There are many other things to consider, no doubt, but perhaps this is a place to start.
Hi, Douglas, and many thanks for your response. Yes, it is indeed a difficult issue and not an easy one to discern an appropriate path. We're continuing to explore it and trust the wisdom of the group will arise as some point. And, congratulations on your own successful transition to life outside and your Zen practice.
Douglas, thanks very much for your thoughtful and practical post. I don't have any experience with integration of former prisoners into a spiritual community but have some experience with integration of prisoners (including sex offenders) into the community in general after release. I hope this helps think about it from a sangha perspective.
I agree with Douglas that finding out the context is important. In particular don't assume all sex offenders are pedophiles; most of the sex offenders I've worked with were convicted of sexual violence against adults and like any other crimes theirs ranged from one-time, quite context-specific incidents to habitual repeat behaviour.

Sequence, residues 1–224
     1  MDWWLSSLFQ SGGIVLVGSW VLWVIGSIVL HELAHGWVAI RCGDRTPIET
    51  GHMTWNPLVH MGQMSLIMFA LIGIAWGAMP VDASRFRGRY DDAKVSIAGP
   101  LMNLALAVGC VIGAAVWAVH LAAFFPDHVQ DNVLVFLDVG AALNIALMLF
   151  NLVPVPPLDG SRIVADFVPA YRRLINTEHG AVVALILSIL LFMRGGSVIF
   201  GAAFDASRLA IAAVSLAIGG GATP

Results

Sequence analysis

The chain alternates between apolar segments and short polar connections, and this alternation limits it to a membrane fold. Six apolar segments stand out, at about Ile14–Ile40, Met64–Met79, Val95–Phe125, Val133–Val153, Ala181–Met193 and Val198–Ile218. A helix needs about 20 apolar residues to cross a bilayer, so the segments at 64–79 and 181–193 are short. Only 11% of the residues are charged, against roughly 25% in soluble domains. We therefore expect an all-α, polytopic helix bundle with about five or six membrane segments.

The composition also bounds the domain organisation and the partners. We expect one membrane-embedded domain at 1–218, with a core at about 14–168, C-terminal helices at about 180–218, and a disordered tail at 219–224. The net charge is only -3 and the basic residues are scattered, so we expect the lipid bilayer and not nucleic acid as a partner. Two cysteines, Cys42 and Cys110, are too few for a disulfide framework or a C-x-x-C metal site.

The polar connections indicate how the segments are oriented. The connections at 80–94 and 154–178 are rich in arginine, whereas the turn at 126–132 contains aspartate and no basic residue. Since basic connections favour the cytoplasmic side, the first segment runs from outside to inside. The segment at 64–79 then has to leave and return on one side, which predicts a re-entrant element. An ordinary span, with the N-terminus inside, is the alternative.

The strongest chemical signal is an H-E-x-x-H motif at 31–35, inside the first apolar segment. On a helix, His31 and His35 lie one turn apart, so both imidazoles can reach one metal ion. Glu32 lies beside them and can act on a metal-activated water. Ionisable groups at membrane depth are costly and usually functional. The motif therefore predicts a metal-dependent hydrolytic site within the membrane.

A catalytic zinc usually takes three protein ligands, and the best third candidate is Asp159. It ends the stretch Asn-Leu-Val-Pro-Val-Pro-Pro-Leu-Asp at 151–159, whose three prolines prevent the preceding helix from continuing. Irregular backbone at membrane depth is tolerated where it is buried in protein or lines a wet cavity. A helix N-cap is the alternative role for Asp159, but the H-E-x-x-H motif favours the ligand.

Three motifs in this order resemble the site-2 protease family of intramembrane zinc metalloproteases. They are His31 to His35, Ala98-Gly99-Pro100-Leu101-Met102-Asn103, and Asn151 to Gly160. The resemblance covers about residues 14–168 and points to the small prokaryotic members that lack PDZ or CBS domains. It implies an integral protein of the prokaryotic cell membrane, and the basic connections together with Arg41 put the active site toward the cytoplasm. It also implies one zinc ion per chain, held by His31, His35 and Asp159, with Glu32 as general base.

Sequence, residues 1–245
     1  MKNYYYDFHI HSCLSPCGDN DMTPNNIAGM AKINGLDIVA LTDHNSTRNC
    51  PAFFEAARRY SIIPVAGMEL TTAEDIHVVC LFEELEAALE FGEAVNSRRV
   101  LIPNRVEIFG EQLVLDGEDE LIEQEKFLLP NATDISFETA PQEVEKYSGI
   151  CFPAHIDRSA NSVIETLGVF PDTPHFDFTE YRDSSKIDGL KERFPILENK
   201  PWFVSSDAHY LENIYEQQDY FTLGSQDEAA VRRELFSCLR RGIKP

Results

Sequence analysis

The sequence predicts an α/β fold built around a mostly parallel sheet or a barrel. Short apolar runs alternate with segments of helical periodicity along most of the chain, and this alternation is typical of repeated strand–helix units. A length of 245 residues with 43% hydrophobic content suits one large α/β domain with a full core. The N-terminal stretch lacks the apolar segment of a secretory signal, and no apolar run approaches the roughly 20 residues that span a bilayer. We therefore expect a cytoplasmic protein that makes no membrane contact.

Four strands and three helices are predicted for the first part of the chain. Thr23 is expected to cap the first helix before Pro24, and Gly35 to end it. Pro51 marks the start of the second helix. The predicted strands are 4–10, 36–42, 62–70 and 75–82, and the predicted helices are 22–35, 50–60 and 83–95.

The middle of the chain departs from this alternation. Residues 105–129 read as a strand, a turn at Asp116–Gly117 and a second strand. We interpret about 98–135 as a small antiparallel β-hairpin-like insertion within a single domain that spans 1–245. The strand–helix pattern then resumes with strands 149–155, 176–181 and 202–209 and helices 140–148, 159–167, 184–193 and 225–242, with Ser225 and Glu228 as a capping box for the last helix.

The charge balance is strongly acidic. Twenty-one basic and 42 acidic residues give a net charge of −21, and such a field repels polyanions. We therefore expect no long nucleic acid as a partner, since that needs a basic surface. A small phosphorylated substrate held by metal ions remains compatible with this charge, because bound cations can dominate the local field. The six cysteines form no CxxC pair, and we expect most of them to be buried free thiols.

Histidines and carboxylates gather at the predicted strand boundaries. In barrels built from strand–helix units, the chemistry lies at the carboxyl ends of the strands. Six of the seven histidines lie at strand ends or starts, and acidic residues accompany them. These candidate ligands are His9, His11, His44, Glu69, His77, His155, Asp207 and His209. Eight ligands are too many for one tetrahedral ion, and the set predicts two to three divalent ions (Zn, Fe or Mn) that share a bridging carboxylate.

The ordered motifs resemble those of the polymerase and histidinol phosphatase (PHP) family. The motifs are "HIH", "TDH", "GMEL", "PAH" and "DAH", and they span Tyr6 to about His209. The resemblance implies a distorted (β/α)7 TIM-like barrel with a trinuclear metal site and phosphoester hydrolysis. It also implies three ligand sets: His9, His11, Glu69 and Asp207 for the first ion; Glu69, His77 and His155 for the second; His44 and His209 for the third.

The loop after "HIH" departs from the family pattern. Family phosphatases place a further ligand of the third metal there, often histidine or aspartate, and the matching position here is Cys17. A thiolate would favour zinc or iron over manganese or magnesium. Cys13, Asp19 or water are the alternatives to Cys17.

In the general community there is a lot of fear about sex offenders based on stereotypes about why people commit acts of sexual violence, and particularly the stereotype that all sex offenders have an incurable mental pathology that makes them prey on other people. (This avoids looking at how social issues contribute to sexual violence. If it's only about personal pathology then that makes our communities passive, helpless, and not responsible for the conditions that contribute to the widespread sexual violence that is the reality of North American society.)